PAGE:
- During hot weather, check metal parts of seat belts, especially in infant car seats. If they feel hot, they are too hot for a baby.
- Use only charcoal lighter fluid to start barbecue. Never add more charcoal lighter fluid or other flammable products to the fire. The container may explode.
- Most tents will burn, so keep all sources of heat or flames a safe distance away. Use only battery or electrically operated lights in or near tents.
- Keep children at a safe distance when cooking on campfires or grills.
- Keep a fire extinguisher available at all times.
- Store gasoline outside the home in approved safety cans away from open flames.
- Wait for the lawnmower engine to cool before refueling. Never refuel while the engine is hot or running.
- Allow the car radiator to cool before removing the cap and protect your hands, arms and face.
- Make sure electric wiring is adequate, and be careful not to overload circuits.
- Have chimneys and flues inspected annually by a professional and clean as recommend by the inspectors.
- Empty ashtrays only when contents are cold.
- Place fireplace ashes in a metal container.
- Burning or smoldering cigarettes are a major cause of home fires. Do not smoke in bed or when you are sleepy or have been drinking.
- Keep matches and lighters away from children.
- Water heaters should be set at 120 to 130 degrees Fahrenheit.
- Install smoke detectors on each level of your home; test them once a month, and replace their batteries twice a year.
- Make an escape plan for each level of your home.
- Use gasoline or other flammable liquids outdoors only. Store flammables in safe, approved containers.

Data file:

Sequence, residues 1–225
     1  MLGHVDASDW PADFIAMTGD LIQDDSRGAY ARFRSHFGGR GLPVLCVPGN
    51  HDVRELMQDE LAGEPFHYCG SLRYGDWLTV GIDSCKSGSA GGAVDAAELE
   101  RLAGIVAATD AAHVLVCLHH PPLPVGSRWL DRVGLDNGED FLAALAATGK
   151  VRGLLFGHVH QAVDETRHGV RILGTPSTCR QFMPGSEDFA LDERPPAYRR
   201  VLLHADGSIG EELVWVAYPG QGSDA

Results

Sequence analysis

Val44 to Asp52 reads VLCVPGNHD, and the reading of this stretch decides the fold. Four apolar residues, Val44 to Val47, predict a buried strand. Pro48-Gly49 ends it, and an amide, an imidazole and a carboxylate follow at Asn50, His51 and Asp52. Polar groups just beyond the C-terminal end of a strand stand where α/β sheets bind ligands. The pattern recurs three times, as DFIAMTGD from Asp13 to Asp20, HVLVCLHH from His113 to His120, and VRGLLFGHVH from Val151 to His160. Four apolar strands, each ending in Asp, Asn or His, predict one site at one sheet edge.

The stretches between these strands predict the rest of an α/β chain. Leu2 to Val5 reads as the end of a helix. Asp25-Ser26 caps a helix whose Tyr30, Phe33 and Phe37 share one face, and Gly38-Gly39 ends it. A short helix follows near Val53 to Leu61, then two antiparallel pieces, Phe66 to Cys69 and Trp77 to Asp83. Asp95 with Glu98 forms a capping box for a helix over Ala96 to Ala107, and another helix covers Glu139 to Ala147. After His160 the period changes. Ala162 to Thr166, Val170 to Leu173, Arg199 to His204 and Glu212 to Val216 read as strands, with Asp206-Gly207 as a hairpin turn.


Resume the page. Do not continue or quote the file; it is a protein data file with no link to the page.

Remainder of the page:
- Never leave a young child alone in the bathroom or kitchen.
Preventing Kitchen Burns
- Hot food and liquids spilled in the kitchen are the most frequent source of burns to children.
- Never hold a child while you are drinking a hot liquid.
- Keep pot handles turned to the middle of the stove, out of reach.
- Do not carry containers of hot liquid when children are underfoot.
- Place young children in a playpen, infant seat or with another adult away from the kitchen when cooking.
- Be cautious when using deep-fat fryers. Hot oils may reach temperatures greater than 490 degrees Fahrenheit during cooking.
- Puncture plastic pouches and plastic wrap covers before heating in a microwave oven to reduce risk of steam build up. Check the temperature of food or drink before giving it to children.
- Keep stove burners, the broiler and oven grease-free. Grease build up could catch fire.
- If there is a grease fire in a pan, turn off the heat and put a lid on the pan. Do not try to move the pan.
Tips for Holidays and Special Events
- Use only non-tip candle holders. Keep candles away from combustible items, such as curtains and decorations. Keep candles out of children’s reach. Never leave candles burning unattended.
- Use a flashlight in Halloween pumpkins instead of a candle.
- Halloween costumes should be fire resistant and close fitting.